In 1990 the Voyager 1, already at 6 billion kilometers from us, turned around to take a picture of our little world from the boundary of the solar system (thanks [Carl Sagan](http://en.wikipedia.org/wiki/Pale_Blue_Dot_(book(" target=”_blank) for making it happen).
Few days ago the Curiosity rover on Mars took advantage of the martian night to turn toward the sky and take a picture of its brightest star. The result was published yesterday by NASA/JPL and is an incredibly beautiful follow up of the pale blue dot picture.
Alone in the dark martian sky you can admire the Earth (a little left of center in the image) and if you get a better resolution image from the NASA webpage you can see our moon is just below Earth. Mars is much closer than the Voyager 1 at the time, and still our world is nothing more than a Pale Blue Dot in the sky.
Despite the abundance of planets (some of which compatible with life) found by the Kepler mission I believe that this picture reinforces the reflections made by Carl Sagan (see Pale Blue Dot: A Vision of the Human Future in Space) concerning the old picture made by Voyager 1:
From this distant vantage point, the Earth might not seem of any particular interest. But for us, it’s different. Consider again that dot. That’s here. That’s home. That’s us. On it everyone you love, everyone you know, everyone you ever heard of, every human being who ever was, lived out their lives. The aggregate of our joy and suffering, thousands of confident religions, ideologies, and economic doctrines, every hunter and forager, every hero and coward, every creator and destroyer of civilization, every king and peasant, every young couple in love, every mother and father, hopeful child, inventor and explorer, every teacher of morals, every corrupt politician, every “superstar,” every “supreme leader,” every saint and sinner in the history of our species lived there – on a mote of dust suspended in a sunbeam.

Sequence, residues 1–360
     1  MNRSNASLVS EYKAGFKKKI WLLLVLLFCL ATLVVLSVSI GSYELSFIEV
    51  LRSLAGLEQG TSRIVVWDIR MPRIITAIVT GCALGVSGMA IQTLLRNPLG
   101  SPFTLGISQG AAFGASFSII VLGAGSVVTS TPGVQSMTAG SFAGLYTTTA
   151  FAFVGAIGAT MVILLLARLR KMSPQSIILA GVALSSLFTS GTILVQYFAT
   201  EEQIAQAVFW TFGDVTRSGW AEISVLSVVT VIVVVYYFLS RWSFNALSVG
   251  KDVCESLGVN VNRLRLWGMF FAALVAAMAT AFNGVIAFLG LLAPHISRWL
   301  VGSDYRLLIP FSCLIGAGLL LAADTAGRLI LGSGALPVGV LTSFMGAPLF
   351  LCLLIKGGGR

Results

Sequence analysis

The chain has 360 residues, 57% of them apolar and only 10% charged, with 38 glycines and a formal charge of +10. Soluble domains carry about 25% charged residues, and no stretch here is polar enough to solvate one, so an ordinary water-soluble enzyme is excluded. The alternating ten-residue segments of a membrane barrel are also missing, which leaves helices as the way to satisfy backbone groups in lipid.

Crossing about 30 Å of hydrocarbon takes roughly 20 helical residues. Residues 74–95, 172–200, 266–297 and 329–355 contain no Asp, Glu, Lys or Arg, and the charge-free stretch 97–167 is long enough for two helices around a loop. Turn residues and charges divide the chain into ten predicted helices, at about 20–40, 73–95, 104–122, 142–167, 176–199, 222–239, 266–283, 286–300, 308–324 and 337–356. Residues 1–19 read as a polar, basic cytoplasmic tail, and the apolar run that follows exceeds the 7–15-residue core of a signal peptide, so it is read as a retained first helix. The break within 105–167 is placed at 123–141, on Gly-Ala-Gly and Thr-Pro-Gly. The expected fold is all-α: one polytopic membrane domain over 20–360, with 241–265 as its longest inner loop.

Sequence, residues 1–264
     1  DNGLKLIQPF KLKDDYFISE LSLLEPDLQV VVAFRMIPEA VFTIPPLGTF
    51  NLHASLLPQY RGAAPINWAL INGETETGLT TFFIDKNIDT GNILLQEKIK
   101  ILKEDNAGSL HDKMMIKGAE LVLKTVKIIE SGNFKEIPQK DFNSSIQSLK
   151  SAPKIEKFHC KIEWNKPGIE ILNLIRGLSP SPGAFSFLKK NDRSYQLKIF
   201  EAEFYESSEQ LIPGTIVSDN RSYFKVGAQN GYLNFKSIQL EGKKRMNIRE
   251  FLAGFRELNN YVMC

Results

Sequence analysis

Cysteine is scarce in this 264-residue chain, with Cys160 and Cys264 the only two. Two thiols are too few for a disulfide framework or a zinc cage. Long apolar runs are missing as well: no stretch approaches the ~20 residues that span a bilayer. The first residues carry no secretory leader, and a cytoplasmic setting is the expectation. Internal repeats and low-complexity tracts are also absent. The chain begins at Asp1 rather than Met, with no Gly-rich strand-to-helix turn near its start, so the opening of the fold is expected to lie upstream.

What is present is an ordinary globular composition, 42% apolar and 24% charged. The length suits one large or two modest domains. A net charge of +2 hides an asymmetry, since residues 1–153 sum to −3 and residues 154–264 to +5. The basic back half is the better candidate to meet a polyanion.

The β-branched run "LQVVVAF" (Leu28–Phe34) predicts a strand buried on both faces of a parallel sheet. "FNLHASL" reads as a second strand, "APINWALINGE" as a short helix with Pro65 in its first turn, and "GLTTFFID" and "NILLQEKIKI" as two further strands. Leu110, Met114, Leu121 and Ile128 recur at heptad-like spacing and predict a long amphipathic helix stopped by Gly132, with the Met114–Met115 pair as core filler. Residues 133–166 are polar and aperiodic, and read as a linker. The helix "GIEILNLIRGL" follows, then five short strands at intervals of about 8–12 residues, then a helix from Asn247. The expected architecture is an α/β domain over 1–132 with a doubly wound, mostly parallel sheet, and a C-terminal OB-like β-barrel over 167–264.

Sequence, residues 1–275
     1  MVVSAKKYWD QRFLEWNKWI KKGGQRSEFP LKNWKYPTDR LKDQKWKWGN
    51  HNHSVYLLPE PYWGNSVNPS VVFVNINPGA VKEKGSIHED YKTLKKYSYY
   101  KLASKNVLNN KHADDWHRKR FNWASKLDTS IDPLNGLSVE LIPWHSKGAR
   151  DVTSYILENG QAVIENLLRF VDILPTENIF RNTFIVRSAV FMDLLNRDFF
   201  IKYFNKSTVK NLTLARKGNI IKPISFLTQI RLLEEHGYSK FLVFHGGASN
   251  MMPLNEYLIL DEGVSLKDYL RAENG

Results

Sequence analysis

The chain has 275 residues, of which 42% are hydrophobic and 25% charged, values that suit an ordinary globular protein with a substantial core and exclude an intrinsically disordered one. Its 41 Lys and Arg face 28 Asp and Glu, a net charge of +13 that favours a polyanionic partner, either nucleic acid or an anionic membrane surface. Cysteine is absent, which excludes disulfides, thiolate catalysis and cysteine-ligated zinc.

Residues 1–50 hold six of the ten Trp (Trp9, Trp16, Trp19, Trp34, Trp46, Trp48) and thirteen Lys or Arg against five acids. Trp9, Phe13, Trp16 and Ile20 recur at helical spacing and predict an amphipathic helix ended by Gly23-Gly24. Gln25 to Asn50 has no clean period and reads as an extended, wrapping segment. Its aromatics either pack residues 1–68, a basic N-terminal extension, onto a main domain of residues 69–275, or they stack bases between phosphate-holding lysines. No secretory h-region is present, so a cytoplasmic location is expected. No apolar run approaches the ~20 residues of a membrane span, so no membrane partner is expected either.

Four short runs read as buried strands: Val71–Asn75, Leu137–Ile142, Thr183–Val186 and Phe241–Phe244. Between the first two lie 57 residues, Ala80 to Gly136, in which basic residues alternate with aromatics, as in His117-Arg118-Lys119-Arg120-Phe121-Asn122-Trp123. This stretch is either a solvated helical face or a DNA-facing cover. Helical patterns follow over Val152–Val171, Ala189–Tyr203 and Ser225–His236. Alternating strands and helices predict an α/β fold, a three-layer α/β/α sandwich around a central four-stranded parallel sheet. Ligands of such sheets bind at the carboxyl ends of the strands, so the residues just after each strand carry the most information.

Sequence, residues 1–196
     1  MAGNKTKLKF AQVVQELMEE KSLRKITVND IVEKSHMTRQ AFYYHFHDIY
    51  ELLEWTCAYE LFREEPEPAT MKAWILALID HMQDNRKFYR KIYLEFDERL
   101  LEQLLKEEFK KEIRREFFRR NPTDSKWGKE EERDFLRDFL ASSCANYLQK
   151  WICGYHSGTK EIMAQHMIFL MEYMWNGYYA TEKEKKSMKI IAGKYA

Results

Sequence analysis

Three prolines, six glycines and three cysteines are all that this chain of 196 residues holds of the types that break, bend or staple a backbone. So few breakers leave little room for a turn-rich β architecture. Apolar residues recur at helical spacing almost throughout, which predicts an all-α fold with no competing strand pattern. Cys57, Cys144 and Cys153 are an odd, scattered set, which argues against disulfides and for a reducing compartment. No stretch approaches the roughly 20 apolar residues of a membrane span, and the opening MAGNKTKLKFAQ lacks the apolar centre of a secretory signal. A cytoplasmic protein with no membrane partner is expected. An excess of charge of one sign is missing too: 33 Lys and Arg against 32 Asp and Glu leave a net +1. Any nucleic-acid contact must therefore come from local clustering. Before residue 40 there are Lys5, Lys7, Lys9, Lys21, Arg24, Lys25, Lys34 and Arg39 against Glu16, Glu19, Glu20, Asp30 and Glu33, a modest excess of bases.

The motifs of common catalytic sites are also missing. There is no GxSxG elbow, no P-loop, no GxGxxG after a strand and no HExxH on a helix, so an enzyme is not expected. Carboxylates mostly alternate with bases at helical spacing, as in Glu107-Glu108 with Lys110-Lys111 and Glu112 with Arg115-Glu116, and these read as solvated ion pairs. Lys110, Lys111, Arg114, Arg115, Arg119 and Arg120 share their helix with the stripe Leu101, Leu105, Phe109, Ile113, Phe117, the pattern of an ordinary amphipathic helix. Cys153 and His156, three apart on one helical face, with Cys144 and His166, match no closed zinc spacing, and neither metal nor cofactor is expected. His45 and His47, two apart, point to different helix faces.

The Earth is a very small stage in a vast cosmic arena. Think of the rivers of blood spilled by all those generals and emperors so that in glory and triumph they could become the momentary masters of a fraction of a dot. Think of the endless cruelties visited by the inhabitants of one corner of this pixel on the scarcely distinguishable inhabitants of some other corner. How frequent their misunderstandings, how eager they are to kill one another, how fervent their hatreds. Our posturings, our imagined self-importance, the delusion that we have some privileged position in the universe, are challenged by this point of pale light. Our planet is a lonely speck in the great enveloping cosmic dark. In our obscurity – in all this vastness – there is no hint that help will come from elsewhere to save us from ourselves.
The Earth is the only world known, so far, to harbor life. There is nowhere else, at least in the near future, to which our species could migrate. Visit, yes. Settle, not yet. Like it or not, for the moment, the Earth is where we make our stand. It has been said that astronomy is a humbling and character-building experience. There is perhaps no better demonstration of the folly of human conceits than this distant image of our tiny world. To me, it underscores our responsibility to deal more kindly with one another and to preserve and cherish the pale blue dot, the only home we’ve ever known.